"Doubles, Triples and Quadruples" - play review
Evam is trying some new ideas in this "play". Firstly, it's just a series of small unrelated not-so-funny skits. And between acts the actors share with the audience some aspect of their real personal life.
I found most of the skits shallow and silly. True there was a rare good dialogue or two, but overall the skits were set in situations which are both contrived and trite - 2 patients meeting in the waiting room of a psychiatrist (cue the Freud jokes), a "liberal" (sic) father trying to gift his just-turned-19 son a night with a prostitute (American Pie anyone?), another long psychiatrist session at the end...etc. Luckily Evam has good actors who can pull this off. Otherwise it would have been a full two and a half hours of agony. At some point I realized that mainstream Hindi movies are tackling these same themes nowadays with more finesse. What a let down :|
The actors talking about themselves in the middle added absolutely no value. The topics were again the usual suspects - first love (which was easily the most enjoyable of the lot, by someone named Karthik), inter-religious marriage, using the F word onstage, experimenting with cigarettes and wine. I am sorry I forget the rest. However most of the audience were laughing at the right moments, so I guess I was in a minority.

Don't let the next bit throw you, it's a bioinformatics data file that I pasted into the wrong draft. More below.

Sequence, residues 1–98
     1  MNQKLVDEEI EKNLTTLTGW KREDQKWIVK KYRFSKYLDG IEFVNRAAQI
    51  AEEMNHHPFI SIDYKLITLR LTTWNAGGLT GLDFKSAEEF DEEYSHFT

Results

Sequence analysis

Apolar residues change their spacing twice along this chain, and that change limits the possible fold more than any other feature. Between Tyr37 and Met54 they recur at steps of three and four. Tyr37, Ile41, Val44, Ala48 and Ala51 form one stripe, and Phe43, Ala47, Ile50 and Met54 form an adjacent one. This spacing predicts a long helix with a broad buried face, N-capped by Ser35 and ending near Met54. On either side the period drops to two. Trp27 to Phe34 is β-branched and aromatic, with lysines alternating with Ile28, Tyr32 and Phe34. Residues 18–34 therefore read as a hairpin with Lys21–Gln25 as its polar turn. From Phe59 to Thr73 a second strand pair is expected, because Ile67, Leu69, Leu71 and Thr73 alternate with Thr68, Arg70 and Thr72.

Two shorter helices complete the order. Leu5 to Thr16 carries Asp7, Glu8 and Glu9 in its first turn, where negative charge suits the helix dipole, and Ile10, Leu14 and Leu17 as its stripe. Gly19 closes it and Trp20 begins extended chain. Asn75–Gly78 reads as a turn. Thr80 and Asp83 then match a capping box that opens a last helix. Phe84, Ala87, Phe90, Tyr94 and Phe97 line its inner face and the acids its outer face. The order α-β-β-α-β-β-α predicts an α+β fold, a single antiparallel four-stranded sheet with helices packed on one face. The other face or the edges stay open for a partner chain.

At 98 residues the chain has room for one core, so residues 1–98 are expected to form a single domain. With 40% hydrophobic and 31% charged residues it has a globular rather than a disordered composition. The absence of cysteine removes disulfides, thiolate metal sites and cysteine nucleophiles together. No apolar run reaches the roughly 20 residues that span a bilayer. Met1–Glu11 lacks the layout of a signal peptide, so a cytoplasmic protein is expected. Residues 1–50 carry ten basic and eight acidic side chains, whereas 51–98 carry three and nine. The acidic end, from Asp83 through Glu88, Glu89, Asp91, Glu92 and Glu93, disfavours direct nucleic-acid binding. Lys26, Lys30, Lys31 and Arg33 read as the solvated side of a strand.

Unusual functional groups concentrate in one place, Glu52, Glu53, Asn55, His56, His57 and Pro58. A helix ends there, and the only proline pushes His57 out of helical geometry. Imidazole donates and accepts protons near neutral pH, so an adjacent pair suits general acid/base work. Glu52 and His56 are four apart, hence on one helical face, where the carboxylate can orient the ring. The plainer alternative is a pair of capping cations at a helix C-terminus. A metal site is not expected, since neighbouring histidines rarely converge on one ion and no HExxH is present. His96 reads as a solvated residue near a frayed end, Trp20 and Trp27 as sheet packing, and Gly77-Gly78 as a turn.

They mentioned something about the plot being "organic", hopefully that means they will change it fast if it doesn't click. I cut the troupe some slack for trying original content. It's obviously very hard and this is an ambitious venture. But for now, I'm going to be suspicious of plays which are not based on well known....plays.
Heck, they are staging "'Art'" again midweek. I loved it when I first saw it, and have half a mind to go watch it and forget I ever saw Doubles, Triples or Quadruples.
Now, off I go to read Haas' review of this play!
P.S: Before the play started, I was ogling at a new set of interviews with Arundhati Roy in The Shape Of the Beast at the bookstore near the entrance of Ranga Shankara. Perhaps anything seems tame after that.